case roundup

This week’s case roundup

Care needed when reducing awards
Johnson v Scottish & Newcastle plc, EAT, 2002, All ER (D) 49

Johnson was dismissed after admitting making excessive personal telephone
calls whilst at work.

Her subsequent unfair dismissal claim was successful because the tribunal
held Scottish & Newcastle had not carried out a reasonable investigation.

Compensation was assessed but the tribunal then applied two deductions. The
first was a Polkey deduction of 95 per cent (Polkey v AE Dayton Services Ltd
1987) on the basis that even if a full investigation had been carried out,
there was a 95 per cent certainty that Johnson would be dismissed. The second
deduction of 90per cent was to reflect Johnson’s contributory conduct leading
to the dismissal. Johnson appealed.

The appeal was allowed. The tribunal was under a duty to make an award that
was just and equitable in the circumstances but had failed to have any regard
at all to the cumulative effect of the deductions when applying the 90 per cent
contributory fault deduction to the sum remaining following the Polkey
deduction.

Moreover, the tribunal had failed to provide sufficient reasoning to support
the Polkey deduction. The question of remedies was remitted to a different
tribunal.

Failure to act in best interests of employer
Ward Evans Financial Services Ltd v Fox & another, CA, 2002, IRLR 120

Fox and Phillips worked as financial advisers and their employment contracts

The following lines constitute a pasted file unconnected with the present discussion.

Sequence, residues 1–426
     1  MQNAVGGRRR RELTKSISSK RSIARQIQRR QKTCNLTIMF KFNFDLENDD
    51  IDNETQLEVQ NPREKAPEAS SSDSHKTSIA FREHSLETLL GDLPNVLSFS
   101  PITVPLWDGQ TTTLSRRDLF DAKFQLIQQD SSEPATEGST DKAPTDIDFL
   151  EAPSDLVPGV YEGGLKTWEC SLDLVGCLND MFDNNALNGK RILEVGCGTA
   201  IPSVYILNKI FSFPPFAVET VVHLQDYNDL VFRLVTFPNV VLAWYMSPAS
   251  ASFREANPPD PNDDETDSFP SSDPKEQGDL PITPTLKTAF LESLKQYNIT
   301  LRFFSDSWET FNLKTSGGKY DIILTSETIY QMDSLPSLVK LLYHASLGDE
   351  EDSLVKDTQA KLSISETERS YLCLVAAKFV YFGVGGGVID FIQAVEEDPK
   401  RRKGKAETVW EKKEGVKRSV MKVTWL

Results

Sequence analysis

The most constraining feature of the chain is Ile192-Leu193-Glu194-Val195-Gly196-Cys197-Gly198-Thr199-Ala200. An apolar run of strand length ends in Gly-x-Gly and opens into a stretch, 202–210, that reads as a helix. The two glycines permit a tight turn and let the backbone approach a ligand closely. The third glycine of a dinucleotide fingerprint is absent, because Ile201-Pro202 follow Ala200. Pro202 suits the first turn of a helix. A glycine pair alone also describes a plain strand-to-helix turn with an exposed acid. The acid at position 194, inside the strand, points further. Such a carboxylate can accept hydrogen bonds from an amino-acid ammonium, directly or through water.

were supplemented by a Trust and Confidence Agreement. This provided that while
employed they would not, without prior written permission, hold any material
interest in any competing company and would not, before or after the
termination date, disclose or seek to induce the disclosure of or use of
confidential business information.

October 1998, without informing their employers, Fox and Phillips set up a
new company, Fidelius Ltd which started trading in January 1999.

During his employment Fox had built up a good working relationship with Certis
Limited which subsequently transferred its business to Fidelius.

Ward Evans brought an unsuccessful claim for damages for breach of contract.

The High Court held setting up Fidelius did not breach the Agreement because
it did not cover the formation of a new company which was dormant until after
the employment ended.

Moreover, there was no use of confidential information to induce Certis.
Rather, Certis had made a genuine approach to transfer its business. Ward Evans
appealed.

The Court of Appeal held that the formation of Fidelius, albeit dormant
initially, constituted a breach of the agreement because it was set up during
Fox and Phillips’ employment and had impacted on their ability to act in the
best interests of Ward Evans at all times.

However, the Court of Appeal upheld the decision that there had been no
inducement. The case was remitted to determine the loss suffered by Ward Evans
flowing from the breach of the agreement.

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